This guide provides the steps for setting up an EPiServer website development environment for multiple developers.
The capabilities that a Content Management System (CMS) platform provides for managing a website are incredibly beneficial, giving site owners control over every aspect of their web presence. However, as a company’s website expands and the need for a larger digital strategy evolves, it often becomes necessary to expand in-house development teams in order to meet the site’s needs. This expansion can often lead to a “too many cooks in the kitchen” problem, in which no source code repository exists, website code files get overwritten, and people become confused about which updates have been applied.
At Diagram, our clients often ask us about best practices for configuring an environment with multiple developers. While development firms like Diagram usually have a comprehensive process in place for managing a multi-developer environment using tools such as TeamCity or Octopus Deploy, many companies with an internal development team simply need a way to get started. In order to help them do so, we’ve put together the following steps:
1. Create a Development Server
The first step in creating a shared development environment is to create a server dedicated to hosting the development version of your website. This server will contain a copy of your website and database, and this development site will now serve as the master for all content and related assets used during development.
2. Create a Source Repository
Using a tool such as Apache Subversion (SVN) or Git, create a repository that will store all of your site template code changes. Then, fill the repository with the code from the development site which was just installed on the development server. Developers will use this repository to access and update the site’s code.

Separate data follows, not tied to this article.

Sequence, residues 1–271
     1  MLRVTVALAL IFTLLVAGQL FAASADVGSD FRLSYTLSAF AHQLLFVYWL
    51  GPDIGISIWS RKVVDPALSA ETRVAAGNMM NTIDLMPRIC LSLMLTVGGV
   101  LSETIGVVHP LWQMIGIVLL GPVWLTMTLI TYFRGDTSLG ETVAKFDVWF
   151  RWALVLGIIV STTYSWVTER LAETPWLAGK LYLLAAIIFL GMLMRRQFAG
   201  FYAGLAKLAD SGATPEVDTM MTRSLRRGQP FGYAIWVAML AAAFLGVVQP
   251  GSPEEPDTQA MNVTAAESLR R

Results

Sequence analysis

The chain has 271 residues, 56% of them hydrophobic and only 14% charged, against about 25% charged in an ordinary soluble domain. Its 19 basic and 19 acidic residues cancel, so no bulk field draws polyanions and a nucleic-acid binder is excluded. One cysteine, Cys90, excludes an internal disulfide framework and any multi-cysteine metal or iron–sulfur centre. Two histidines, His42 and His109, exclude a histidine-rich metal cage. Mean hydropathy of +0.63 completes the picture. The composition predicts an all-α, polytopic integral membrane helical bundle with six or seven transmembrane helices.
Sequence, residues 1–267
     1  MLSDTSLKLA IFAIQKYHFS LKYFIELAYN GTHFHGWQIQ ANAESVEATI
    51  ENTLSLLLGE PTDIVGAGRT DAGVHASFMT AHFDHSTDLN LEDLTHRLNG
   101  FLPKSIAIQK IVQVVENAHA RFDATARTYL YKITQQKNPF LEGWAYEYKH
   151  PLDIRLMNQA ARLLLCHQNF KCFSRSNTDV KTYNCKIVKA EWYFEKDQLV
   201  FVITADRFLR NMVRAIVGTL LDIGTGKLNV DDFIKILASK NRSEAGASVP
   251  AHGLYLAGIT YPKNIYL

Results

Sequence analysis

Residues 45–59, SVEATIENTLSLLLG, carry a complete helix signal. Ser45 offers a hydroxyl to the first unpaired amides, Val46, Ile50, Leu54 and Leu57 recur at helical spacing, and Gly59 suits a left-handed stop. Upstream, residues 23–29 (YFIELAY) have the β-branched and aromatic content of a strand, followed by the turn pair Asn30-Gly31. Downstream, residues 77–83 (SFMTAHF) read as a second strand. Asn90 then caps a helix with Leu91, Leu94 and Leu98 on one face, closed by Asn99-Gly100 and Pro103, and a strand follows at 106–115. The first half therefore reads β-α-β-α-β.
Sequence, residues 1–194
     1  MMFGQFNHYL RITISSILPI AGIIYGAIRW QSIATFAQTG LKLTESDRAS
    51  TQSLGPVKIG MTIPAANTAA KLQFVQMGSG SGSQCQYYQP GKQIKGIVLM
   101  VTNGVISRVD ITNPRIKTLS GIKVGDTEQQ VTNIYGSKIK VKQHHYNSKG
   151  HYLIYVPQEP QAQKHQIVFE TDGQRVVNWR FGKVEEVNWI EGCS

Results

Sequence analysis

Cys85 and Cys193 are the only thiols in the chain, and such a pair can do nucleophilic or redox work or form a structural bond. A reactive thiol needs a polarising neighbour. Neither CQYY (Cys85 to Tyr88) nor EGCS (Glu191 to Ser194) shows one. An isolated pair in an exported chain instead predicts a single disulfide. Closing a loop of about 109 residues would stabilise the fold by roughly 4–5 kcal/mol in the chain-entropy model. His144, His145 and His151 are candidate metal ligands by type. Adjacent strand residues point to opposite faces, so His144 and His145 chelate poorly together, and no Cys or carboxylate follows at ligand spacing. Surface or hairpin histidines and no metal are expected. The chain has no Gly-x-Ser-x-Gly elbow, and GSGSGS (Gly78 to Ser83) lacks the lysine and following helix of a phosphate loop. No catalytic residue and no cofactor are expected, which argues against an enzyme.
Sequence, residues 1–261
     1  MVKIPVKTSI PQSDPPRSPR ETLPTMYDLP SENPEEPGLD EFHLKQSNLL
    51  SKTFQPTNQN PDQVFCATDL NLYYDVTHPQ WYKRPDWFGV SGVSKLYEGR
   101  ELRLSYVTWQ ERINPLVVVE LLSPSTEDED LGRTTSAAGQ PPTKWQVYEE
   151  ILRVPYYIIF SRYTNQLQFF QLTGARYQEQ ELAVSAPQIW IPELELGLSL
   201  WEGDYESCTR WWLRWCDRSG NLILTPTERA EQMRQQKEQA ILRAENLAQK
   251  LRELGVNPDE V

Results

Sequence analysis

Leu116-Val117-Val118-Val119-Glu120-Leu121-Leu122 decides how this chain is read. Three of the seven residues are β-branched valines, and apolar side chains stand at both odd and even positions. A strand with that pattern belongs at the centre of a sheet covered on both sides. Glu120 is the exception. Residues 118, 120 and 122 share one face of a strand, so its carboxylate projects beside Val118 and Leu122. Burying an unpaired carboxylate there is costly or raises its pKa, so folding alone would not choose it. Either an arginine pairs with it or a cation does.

3. Create (Check Out) a Local Install of the Development Site
When individual developers modify the site’s code, they will do so on their own individual computers. In order to do so, they will need to install the site on their local system. Developers will “check out” files when copying them from the repository, and the repository will track the version of the code that is installed both on the repository and their local machine, allowing any conflicts to be resolved before code is uploaded to the development server.
4. Hook the Local Install to the Development Database
Historically, developers working in a shared environment would create a full version of a website, including the database, on their local machine. However, maintaining multiple versions of the site’s files and database across different systems can become cumbersome and confusing, so it is preferable to have each individual developer’s system use the main development site database that was created in step 1.
5. Share the Application Data Folder from the Development Server
Sharing this folder will allow assets and search index files to be accessed from all development computers, ensuring consistency across the multi-developer environment. For instructions on how to share the application data folder in EPiServer, see this post on EPiServer World.
Following these steps will help you get started setting up your multi-developer environment, but if you have any further questions or need assistance, please feel free to contact us. If you have any other questions about managing development environments or tips of your own, please leave a comment below.
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